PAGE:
As pictured below:
Very little information is known about the game, but the box art suggests two protagonists with a bit of a chip on their shoulders, one male, one female.
More details likely to be revealed at E3 this year – we’ll keep you updated.
And still more Zombie games are due to grace our screens with their slow methodical, aimless wandering in search of flesh and brains. Yesterday 505 Games announced their latest title; How to Survive, due for release later this year.
Featuring a robust crafting system, unique survival guide and a host of playable characters, How to Survive strands players on a remote archipelago off the coast of Colombia in the aftermath of an unexplained accident … but you’re not alone. In order to survive, you must fulfill the most basic of needs – seeking out food, water and shelter, as well as crafting dozens of tools and weapons from fishing rods to Molotov cocktails. Players can also team up with other survivors in local and online multiplayer story and challenge modes to take on a growing array of the infected.
How to Survive is being developed by EKO Studios and is due for release this Autumn.
With Undead Labs releasing State of Decay any day now onto Xbox Live Arcade, is there room for another pure survival Zombie game? Let us know after checking out the screenshots below.
Zen Studio’s brand spanking new tower defense game “CastleStorm” storms its way on the Xbox LIVE Arcade today, and the developers claim the title is based on the old-age childhood favourite game of Lego where much fun is to be had building and destroying Lego Castles! If that was a personal favourite for you growing up, or well – even now still (admit it) – then you might find some enjoyment to CastleStorm, but I’d rather prefer to say it resembles the lovechild of last year’s “Summer of Arcade” Kinect game Wreckateer and the massively popular Angry Birds from Rovio. There’s a lot of fun to be had destroying other people’s property; not that we’re encouraging you to break the law, but within the gaming world there comes a sense of satisfaction when you can see your enemies diminishing before you. Also, touching on the subject of Lego, I actually cannot remember building Lego castles because for me it was all about houses and spaceships that I dare anyone to destroy!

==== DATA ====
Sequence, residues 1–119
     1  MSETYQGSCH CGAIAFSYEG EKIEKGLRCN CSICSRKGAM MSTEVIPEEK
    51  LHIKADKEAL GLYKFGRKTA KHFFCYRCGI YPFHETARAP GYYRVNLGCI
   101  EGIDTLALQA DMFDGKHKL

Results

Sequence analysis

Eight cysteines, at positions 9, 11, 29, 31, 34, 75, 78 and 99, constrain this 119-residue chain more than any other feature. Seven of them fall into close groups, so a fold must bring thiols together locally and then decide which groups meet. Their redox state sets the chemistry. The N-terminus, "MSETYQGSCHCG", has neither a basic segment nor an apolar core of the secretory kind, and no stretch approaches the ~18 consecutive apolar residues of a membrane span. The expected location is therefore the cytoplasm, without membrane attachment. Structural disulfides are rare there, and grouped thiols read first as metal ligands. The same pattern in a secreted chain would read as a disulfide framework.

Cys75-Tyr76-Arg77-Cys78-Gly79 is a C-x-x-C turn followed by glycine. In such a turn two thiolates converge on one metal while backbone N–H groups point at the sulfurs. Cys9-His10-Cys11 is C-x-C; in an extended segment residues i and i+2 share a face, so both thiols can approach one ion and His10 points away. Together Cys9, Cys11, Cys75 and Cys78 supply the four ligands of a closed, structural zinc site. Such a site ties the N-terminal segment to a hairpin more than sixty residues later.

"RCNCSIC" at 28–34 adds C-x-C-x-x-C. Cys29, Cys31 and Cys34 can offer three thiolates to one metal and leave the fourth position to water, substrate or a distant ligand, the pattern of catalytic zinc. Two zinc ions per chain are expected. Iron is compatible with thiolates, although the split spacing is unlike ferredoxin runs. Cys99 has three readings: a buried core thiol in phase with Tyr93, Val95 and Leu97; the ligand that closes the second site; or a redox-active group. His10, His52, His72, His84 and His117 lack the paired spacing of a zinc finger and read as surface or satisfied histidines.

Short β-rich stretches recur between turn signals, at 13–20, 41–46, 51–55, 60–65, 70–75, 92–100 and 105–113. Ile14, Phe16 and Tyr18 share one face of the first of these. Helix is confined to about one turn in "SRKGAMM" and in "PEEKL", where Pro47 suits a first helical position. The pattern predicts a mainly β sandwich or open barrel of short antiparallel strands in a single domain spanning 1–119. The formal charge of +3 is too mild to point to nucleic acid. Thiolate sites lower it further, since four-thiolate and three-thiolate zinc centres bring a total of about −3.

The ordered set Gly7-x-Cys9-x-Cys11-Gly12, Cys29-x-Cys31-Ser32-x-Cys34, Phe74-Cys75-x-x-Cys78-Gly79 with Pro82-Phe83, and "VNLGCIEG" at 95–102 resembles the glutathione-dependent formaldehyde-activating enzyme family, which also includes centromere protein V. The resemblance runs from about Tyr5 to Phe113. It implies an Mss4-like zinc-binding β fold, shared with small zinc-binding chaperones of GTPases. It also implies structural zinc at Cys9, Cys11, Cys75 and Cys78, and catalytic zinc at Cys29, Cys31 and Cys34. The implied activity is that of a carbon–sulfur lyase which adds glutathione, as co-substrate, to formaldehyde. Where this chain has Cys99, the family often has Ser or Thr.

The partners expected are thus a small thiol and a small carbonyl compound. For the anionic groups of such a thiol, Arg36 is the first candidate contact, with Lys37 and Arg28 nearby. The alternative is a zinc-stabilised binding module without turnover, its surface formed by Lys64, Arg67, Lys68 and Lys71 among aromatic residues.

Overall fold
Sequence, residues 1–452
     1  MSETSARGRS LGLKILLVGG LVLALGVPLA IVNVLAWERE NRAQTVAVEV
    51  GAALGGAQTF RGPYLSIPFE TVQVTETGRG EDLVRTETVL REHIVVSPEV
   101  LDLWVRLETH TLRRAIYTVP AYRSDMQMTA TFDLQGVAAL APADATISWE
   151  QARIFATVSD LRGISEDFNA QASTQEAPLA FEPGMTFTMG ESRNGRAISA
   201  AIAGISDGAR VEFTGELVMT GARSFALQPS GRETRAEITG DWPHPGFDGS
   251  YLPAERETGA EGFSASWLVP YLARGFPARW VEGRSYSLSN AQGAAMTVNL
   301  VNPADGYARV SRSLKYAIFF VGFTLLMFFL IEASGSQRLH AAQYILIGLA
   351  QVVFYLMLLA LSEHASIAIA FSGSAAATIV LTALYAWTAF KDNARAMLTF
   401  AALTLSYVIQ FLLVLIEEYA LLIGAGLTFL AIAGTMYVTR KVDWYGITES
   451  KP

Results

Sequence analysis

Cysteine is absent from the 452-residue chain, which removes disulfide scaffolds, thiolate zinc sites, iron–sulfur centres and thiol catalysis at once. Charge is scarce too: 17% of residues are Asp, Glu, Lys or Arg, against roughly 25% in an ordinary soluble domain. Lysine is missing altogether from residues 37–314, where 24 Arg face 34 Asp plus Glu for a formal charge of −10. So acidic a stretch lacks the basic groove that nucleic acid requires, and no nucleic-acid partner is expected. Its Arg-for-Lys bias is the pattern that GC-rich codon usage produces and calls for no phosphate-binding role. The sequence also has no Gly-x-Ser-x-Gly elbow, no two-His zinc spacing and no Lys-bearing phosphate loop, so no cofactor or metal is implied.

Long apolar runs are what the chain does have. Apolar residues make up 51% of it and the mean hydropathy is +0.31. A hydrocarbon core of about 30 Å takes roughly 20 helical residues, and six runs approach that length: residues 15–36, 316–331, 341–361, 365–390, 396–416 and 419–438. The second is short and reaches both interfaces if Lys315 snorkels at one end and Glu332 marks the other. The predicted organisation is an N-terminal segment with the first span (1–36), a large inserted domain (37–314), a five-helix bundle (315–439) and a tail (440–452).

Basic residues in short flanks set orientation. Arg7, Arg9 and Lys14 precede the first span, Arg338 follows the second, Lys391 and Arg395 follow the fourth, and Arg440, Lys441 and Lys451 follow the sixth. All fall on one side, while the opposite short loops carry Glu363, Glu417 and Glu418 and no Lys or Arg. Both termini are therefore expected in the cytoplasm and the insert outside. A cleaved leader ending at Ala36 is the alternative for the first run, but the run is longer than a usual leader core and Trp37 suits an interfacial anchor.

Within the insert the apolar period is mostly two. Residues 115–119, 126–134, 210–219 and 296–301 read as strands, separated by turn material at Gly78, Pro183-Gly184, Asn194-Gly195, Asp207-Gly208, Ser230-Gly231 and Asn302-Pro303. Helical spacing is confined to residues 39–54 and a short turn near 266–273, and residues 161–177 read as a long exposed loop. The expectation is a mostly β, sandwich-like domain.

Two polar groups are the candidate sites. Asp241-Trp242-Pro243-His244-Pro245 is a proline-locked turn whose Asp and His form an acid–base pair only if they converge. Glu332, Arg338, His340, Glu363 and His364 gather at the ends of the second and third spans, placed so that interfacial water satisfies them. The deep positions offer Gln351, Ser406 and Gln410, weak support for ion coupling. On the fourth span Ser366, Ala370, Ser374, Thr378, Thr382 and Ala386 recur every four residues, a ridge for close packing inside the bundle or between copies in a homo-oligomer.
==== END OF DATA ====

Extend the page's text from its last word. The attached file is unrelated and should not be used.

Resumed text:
Although as a tower defense brawler the main aim within CastleStorm is to defend your castle whilst taking down a wave of oncoming enemies and their own castle, there’s a unique mix of gameplay variation wrapped up in the middle of all the action where different characters and weapons come into play to suit how you wish to defend and attack. It’s not over-complex to master as we’ll discuss later on, but starting with the Single Player campaign it’s presented as a comical story of Knights vs. Vikings over 12 levels where medieval warfare meets 2D physics-based destruction! You can learn to harness the power of medieval artillery, manage ground attacks with your own army, and cast powerful offensive and defensive spells. Each level starts with the two main factions on opposite sides of the 2D map, each with their own castle and then the battle of the two-sides commences. The gameplay variations of CastleStorm which perhaps make the game stand out from its genre competition is that “you” can choose how to defeat your enemies with the means of capturing the enemy flag, destroying their castle, or some of the other predetermined level objectives. All of this is in order to claim victory and reap the rewards to be able to level up your artillery and army for the next round of enemy onslaught. Gameplay requires strategy whilst using limited resources to defend and attack combined.